When exploring the empirical data on aquatic invertebrate metacommunities, explanatory variables accounted only for a relatively low proportion of the metacommunity variation, compared with the simulated scenarios, and their relative role depending on time extent varied widely among groups (Figure 4). Generally, pure environmental fractions were more relevant than the others, explaining about 5–25% of the metacommunity variation, particularly for the ponds (Figures 4B,C). In these data, the spatio-temporal position of the samples were more complex than in the simulations, and we can observe some relevance of combined spatio-temporal effects (i.e., the shared fraction between space and time). Extending the analyses of the empirical data at different temporal scales, while keeping the number of temporal sampling points fixed, we can observe changes in the variation partitioning results, but the effects of the study duration were unclear (Figure 4). Extending the study duration seems to generally increase the relevance of the environmental variables and decrease the spatio-temporal fractions. However, the opposite was true in some cases, and anyway these changes were relatively very low compared with the simulations.
Figure 4. Relative importance (adjusted R2) of the explanatory sets on the variation of the empirical metacommunities in the Stream (A), Ponds 1 (B), and Ponds 2 (C) in a gradient of study durations from 6 to 19 months (A) or 6–12 months (B,C), with six temporal sampling points. In the Stream (A), we displayed ostracods (left), odonates (center), and coleopterans (right). In the Ponds 1 (B), we represented dipterans (left), odonates (center), and coleopterans, and in the Ponds 2 (C), ostracods (left), dipterans (center), and coleopterans (right).
Our results show that the temporal scale of observation affects our perception of the main processes contributing to metacommunity organization. Previous studies already highlighted the influence of spatial scale on the inference of these processes when analyzing communities sampled once (e.g., Condit et al., 2002; Heino et al., 2017; Viana and Chase, 2019), or comparing the spatial effects between several temporal points of the same metacommunity (e.g., Langenheder et al., 2012; Fernandes et al., 2014; Castillo-Escrivà et al., 2017). Other studies have focused on the effects of temporal scales on temporal turnover, but at one spatial point (e.g., Korhonen et al., 2010; Tomašových and Kidwell, 2010). Here, we integrated both perspectives, taking into account the spatio-temporal structure of the data as a whole and testing the influence of sampling period extent on the results of variation partitioning.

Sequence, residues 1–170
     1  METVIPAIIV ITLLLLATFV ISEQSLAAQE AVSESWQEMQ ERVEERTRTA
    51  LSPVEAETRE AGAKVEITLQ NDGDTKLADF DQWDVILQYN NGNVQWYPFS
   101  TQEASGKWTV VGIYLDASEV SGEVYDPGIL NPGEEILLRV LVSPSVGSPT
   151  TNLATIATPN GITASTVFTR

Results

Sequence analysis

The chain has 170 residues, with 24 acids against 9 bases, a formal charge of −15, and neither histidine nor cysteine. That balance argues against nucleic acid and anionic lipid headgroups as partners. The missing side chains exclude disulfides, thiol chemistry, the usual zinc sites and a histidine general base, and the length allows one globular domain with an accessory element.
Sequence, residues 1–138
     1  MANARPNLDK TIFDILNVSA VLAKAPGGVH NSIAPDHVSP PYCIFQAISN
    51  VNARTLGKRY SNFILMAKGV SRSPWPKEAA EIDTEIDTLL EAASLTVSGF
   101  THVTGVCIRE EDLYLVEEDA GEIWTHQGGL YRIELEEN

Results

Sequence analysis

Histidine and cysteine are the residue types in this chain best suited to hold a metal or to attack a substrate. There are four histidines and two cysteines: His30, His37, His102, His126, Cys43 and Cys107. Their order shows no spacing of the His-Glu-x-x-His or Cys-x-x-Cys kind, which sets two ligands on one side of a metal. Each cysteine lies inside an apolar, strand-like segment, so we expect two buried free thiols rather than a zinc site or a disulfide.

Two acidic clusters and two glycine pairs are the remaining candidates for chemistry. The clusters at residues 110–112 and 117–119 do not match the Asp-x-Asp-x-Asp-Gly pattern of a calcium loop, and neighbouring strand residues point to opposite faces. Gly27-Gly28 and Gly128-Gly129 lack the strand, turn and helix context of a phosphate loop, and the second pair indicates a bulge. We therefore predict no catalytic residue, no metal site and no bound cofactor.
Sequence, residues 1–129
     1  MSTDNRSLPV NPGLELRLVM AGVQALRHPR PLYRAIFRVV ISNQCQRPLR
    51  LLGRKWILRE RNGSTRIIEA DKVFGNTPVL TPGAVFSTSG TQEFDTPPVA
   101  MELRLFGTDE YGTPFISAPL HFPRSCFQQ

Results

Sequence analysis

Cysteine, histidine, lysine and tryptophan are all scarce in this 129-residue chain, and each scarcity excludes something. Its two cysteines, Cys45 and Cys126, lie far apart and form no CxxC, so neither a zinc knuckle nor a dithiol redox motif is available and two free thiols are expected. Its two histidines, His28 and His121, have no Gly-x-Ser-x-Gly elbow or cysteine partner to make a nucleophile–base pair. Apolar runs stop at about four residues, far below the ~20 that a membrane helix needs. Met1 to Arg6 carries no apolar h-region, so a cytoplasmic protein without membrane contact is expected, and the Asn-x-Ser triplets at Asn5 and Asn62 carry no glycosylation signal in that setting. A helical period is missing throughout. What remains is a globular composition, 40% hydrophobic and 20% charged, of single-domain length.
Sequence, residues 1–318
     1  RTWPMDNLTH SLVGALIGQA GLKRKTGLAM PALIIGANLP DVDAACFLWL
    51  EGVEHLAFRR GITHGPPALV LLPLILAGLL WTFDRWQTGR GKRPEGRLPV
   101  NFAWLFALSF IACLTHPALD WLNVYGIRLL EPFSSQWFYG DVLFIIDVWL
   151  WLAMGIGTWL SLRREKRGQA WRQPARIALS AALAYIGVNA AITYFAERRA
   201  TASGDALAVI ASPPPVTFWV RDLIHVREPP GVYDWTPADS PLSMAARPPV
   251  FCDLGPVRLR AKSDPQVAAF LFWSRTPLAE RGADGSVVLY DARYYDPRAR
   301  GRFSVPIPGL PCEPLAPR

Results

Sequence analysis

The simulations pointed out how dispersal and selection play a key role on metacommunity variation in both the spatial and temporal dimensions. Low dispersal rates allow maintaining the spatial variation through time, because local dynamics are spatially independent without a flux of organisms (Koelle and Vandermeer, 2004). In these cases, long study durations present the same results as short study durations in the simulations, suggesting to focus our sampling design only across space when dispersal is very limited (PD archetype), taking into account ranges of distributions and dispersal abilities of the organism studied (Wiens, 1989). On the other side, high dispersal reduces the spatial variation and temporally synchronizes all the local communities (Loreau et al., 2003; Gonzalez et al., 2009; Pandit et al., 2013). This synchronization implies that the whole metacommunity variation goes to the temporal axis (as expected with dispersal surplus in ME, and NT archetypes), and the longer the study duration, the higher the influence of time needed to capture these effects (e.g., ecological drift, progressive dispersal) on metacommunity variation.
The distribution of the environmental variation through time and space can also determine the importance of an adequate spatial or temporal scale of observation in niche-constrained metacommunities (SS archetype; Korhonen et al., 2010; Viana and Chase, 2019). In our simulations, the environmental variation was predominantly spatially distributed and the localities offered the whole environmental gradient at all the timesteps (even though the local environment was changing through time). Consequently, species always had available localities with suitable conditions when a locality became unsuitable; the key is an adequate dispersal to reach the optimal sites. Notwithstanding this environmental heterogeneity, extending the study duration affected the relevance of the shared fractions between environment and space-time, decreasing the fraction shared with space and slightly increasing the fraction overlapped with time. However, if the environmental variability would be expanded through time (as under climate change scenarios; Thompson et al., 2015), the temporal extent of observation would have a more important effect on detecting such environmental relevance.